Pack a sad is a common one down here.



  16. Gerri Bowen
    May 3rd, 2012 at 1:58 pm · Link

    Number 10 I’m familiar with, and number 3 would be, were you born in a barn over here. The rest were new to me, and very cool.



  17. Hollie
    May 3rd, 2012 at 2:13 pm · Link

    A lot of them are the same as Yorkshire sayings but some are a little different. We were born in barns not tents lol



    • Shelley Munro
      May 3rd, 2012 at 6:34 pm · Link

      Sometimes we use barns down here but tents are more common.



  18. Amy Gallow
    May 3rd, 2012 at 2:25 pm · Link

    Eight of them are common across the Tasman as well.
    We add “Back of Bourke” for the far outback, sometimes “beyond the black stump”, and “Two bob short of a quid” which dates itself as an expression of doubt about the subject’s mental competence.
    I am often reminded of my age when I let expressions like these drop and am rewarded with a blank look.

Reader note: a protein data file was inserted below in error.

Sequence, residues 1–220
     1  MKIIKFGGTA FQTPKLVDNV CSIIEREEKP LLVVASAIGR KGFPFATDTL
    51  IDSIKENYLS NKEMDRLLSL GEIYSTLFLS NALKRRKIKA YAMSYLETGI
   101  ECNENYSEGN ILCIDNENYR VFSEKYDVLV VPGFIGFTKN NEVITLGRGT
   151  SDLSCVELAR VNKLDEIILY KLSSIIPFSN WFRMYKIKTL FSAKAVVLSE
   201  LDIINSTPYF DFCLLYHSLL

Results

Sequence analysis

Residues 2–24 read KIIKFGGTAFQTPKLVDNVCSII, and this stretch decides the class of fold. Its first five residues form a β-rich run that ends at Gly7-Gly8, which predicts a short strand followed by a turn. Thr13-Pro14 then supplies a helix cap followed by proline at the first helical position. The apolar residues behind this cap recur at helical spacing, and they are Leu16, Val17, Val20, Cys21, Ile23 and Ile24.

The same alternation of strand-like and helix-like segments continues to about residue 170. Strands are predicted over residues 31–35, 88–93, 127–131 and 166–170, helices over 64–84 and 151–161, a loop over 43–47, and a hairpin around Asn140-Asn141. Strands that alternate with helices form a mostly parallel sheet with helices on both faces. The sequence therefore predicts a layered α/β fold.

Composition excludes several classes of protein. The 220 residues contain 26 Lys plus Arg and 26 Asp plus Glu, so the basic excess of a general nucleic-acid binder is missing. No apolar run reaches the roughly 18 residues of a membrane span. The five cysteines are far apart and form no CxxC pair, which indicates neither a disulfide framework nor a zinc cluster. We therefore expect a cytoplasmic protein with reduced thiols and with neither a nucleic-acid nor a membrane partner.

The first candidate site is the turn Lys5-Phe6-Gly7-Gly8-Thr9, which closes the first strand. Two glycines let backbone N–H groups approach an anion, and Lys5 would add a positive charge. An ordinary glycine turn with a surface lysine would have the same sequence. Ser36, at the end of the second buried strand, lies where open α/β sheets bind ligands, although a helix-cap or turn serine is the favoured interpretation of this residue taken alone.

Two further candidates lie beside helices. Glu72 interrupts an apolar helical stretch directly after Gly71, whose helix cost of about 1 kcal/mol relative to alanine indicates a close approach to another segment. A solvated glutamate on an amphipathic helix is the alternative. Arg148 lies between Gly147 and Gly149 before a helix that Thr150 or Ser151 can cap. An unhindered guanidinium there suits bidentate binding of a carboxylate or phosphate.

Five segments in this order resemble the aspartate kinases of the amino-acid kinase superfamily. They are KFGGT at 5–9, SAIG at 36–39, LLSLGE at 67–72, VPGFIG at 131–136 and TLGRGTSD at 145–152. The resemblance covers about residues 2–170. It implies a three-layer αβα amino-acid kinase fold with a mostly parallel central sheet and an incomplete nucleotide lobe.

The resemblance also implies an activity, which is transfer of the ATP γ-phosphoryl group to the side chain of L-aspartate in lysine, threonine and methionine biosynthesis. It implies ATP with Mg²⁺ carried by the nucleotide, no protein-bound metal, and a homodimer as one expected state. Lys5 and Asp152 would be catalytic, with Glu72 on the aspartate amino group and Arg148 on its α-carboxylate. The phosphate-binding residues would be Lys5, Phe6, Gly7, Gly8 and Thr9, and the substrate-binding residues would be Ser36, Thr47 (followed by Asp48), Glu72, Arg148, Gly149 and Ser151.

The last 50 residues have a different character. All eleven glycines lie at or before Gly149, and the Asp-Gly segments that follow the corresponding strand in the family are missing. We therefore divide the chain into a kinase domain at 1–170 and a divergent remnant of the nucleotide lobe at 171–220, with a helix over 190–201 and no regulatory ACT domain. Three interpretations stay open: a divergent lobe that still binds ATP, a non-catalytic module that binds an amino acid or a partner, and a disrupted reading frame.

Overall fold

• Shelley Munro
      May 3rd, 2012 at 6:34 pm · Link

      I’ve heard the ones you mentioned too. I’m not copping to old though!



  19. Erin
    May 3rd, 2012 at 4:32 pm · Link

    Chuddy made me laugh. Haven’t used that in years.



    • Shelley Munro
      May 3rd, 2012 at 6:35 pm · Link

      Hi Erin – it’s one we used to heard a lot at school. Probably you heard it there too.



  20. Maria Zannini
    May 3rd, 2012 at 5:04 pm · Link

    I hadn’t heard of a single one of them except number 8. Hubby says that to the dogs all the time when they get in front of the tv.



    • Shelley Munro
      May 3rd, 2012 at 6:36 pm · Link

      And your dogs would do a great job of blocking the TV. At least Bella is little :)



  21. colleen
    May 3rd, 2012 at 6:46 pm · Link

    Almost as strange as Cockney Rhyming Slang!



  22. Forgetfulone
    May 3rd, 2012 at 9:14 pm · Link

    I love these! Around here, instead of asking if you were born in a tent, it would be “Were you born in a barn?” Thanks for sharing. This was quite interesting!



  23. Joanne Guidoccio
    May 4th, 2012 at 7:44 am · Link

    Thanks for sharing! They were all new to me.